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Don’t Cry for Me Argentina

5 January 2011


It was a year ago today that I returned from my South America Walkabout. Tonight, as I reflect on the past year, I am reminded of a moment that has helped me put myself back together.

Somewhere between grief and acceptance I desperately needed to find Alexis. I knew the only way I  was going to find her was to escape the present circumstances of death. The suicide of my little brother Nick , and later, my step-mother Vera had left me completely shattered . But it was the fear of accepting that I had to go on without them which was really crowding me. I knew acceptance was the last stage of this process.  But the more I tried to get there, the farther away it got.

I just couldn’t believe this was my life now!

 For months, my heart urged me to sit quietly, and feel the pain.   I knew that healing required solitude. And I needed to allow my painful realities to surface with dignity; and give myself the space to let go. I needed to get out of here. I needed to feel alive.  Everything here was a memory of a life that was missing, and everyday a devastating loss. I was scared to feel the pain, but more afraid of the consequence of avoiding it.

So without question, I gathered my emotional baggage and set off to Brazil, Argentina, Costa Rica and Mexico.

One day I was aimlessly wandering the streets of Buenos Aires.

After many hours of going nowhere in particular I stumbled into a  park near Bella Artes Museum. This looked like a good place to let my mind run wild and indulge on the fresh strawberries and mini-champagnes I had just picked up.  The buzz began to hypnotize and consume the peaceful, fleeting moment, until I realized I wasn’t alone.

There standing thinly over me in metallic memoriam was Eva Peron, the iconic heroine of Argentina. I gazed upon the graceful bronze statue  as she spoke the words:

I know that, like every woman of the people, I have more strength than I appear to have.”

I reflected on this thought, as if it were my own. I was reminded of a peasant actress turned First Lady whom dedicated her life to social change.

Evita’s most notable accomplishment was ending women’s suffrage, allowing women the right to vote. She quickly became the symbol of endurance, as she continued to support the voices of the working class people. Eva had traveled to Spain, France, and North America to establish diplomatic relations for her country, and  was praised for her work in philanthropy up until her untimely death at age 33.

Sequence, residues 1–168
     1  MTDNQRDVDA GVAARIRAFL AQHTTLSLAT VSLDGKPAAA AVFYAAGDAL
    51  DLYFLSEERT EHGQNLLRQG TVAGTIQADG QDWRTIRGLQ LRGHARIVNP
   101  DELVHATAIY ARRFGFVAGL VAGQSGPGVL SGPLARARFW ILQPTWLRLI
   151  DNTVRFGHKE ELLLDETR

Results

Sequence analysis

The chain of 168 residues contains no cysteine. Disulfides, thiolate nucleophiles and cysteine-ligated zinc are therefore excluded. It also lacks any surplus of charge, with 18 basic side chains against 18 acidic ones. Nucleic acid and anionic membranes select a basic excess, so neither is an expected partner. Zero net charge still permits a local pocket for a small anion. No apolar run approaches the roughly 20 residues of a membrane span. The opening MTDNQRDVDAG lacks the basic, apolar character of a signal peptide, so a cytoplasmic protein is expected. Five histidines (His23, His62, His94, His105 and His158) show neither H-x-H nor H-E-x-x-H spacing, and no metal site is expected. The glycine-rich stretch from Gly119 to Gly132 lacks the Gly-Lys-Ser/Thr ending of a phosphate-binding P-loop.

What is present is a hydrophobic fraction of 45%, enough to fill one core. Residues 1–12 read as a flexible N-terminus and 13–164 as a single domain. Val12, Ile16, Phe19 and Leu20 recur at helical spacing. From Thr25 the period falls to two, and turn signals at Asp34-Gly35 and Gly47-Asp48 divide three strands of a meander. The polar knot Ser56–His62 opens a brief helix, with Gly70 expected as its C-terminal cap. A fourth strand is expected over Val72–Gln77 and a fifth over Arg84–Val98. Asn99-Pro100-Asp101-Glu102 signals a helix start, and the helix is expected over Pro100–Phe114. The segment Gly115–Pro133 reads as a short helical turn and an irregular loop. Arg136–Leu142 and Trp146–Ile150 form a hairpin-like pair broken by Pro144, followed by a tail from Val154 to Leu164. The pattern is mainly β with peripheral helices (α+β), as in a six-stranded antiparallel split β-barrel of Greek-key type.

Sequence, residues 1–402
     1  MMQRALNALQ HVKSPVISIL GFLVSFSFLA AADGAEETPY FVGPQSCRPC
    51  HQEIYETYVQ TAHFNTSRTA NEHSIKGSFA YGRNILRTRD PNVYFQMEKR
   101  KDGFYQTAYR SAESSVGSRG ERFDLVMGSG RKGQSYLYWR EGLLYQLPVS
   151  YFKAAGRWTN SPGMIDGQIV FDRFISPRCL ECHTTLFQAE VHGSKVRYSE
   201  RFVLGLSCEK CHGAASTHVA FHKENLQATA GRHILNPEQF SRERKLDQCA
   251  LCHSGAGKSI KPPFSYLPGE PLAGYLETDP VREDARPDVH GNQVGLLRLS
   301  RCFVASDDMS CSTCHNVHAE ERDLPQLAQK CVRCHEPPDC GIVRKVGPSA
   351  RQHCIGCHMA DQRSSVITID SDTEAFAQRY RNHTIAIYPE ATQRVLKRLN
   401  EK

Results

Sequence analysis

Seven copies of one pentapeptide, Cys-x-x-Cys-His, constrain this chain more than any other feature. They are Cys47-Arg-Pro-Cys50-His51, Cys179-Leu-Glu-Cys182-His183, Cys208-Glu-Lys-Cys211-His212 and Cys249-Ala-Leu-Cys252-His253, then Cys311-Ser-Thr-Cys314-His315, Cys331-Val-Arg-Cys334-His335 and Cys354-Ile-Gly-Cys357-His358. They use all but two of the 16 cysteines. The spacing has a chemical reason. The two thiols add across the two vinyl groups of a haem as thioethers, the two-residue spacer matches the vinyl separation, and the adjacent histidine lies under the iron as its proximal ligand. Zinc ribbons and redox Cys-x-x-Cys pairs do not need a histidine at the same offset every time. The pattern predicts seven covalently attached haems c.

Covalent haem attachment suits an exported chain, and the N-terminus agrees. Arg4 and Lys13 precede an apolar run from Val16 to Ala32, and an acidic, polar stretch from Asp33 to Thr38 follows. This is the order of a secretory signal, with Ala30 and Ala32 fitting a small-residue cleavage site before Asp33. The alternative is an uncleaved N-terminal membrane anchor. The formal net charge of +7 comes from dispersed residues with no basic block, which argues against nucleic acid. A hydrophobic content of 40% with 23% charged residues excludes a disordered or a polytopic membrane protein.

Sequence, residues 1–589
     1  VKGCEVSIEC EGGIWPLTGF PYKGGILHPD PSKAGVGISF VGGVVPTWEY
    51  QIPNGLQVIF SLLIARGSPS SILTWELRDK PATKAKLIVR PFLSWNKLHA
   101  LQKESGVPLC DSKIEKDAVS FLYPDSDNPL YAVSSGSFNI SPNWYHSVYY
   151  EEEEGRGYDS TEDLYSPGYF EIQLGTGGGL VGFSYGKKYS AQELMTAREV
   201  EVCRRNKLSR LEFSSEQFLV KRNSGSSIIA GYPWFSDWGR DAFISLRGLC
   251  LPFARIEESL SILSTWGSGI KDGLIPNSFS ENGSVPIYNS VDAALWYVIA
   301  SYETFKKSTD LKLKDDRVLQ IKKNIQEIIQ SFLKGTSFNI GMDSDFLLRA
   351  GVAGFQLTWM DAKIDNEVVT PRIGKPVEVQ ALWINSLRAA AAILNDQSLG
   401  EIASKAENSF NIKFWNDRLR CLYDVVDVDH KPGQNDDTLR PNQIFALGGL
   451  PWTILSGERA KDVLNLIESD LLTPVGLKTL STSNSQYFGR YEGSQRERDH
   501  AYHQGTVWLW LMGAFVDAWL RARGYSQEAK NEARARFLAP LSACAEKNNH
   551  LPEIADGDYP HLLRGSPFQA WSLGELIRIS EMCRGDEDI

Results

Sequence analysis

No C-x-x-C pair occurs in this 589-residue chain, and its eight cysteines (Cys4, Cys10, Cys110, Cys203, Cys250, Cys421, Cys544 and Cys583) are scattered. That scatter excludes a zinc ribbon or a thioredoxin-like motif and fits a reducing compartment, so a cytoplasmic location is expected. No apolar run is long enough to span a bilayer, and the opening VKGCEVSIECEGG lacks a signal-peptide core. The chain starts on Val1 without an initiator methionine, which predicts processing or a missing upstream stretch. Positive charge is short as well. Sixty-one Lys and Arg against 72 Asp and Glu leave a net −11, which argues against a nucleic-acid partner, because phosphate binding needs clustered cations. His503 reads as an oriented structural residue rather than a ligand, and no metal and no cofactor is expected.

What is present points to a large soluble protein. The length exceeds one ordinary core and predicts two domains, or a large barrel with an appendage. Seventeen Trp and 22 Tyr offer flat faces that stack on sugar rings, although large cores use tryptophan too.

In her own words, she was:


What fascinated me about Mrs. Eva Peron was not her strength and determination, but her accomplishments all by the ripe age of 28.

I too was 28, and I had yet to live with such fearlessness. I felt guilty I had wasted two years in sadness, when I could have been changing the world. I was defeated by the lack of progress I had made in comparison to Eva Peron, but in the midst of self-pity  I was awakened to my own possibilities.

A light of inspiration  surged through me. For a second, the future seemed tangible and hope flooded in, as if someone had turned my heart back on. I mediated on every word  deeply: PASSION, COURAGE, WORK, DIGNITY, SOLIDARITY.  And I was grateful to have found them through an empowering woman.  

I sat there with Eva for a while. Slipped back the rest of the champagne, and hummed softly…….

“Don’t cry for me Argentina
The truth is I never left you
All through my wild days
My mad existence
I kept my promise
Don’t keep your distance”

Heavy tears leaked out my soul, and down my face. I was feeling the pain and I wasn’t afraid.

I repeated this classic verse over and over.  Each time the meaning changed. It was about Nick and Vera saying good-bye. It was about me letting go of them ,and accepting we were in different worlds now.  It was a reminder of hope, and believing the strength within me was never lost, and that somehow we would always be together. And it was then I realized, acceptance is a just a moment,  not a finish line.

Here I am at Recoleta Cementary, the final resting place of Eva Peron.

at recoleta cementary


I now understand that this path has always been set before me


4 Comments leave one →
  1. 8 January 2011 4:09 pm

    Wonderful piece. Sorry for your loss. Here is to an awesome year 🙂

  2. Liz permalink
    5 February 2011 8:41 pm

    You have come so far Lexi! I am so proud of you :=) LOVE YA!

  3. mrs shoe permalink
    20 April 2011 7:37 am

    lex I can hardly see through my tears.. and hope that I can find some words to say how this has moved me.. you are a strong and amazing woman.. and your words have found a place in me that I had lost in myself.. thank you for being on that wonderful adventure to find those words to help you on your life journey but also you helped me.. thank you lexi… xoxo Dana

    • 21 April 2011 10:34 pm

      Thank you for reading. I am glad you enjoyed it. I hope my journey can give others strength. I have many great people who have gotten me through, although I will never be the same without them. I hope to inspire with my words. And love geting comments. It keeps me motivated. So thank you for posting. Big hugs for you and the fam.

      One Love,

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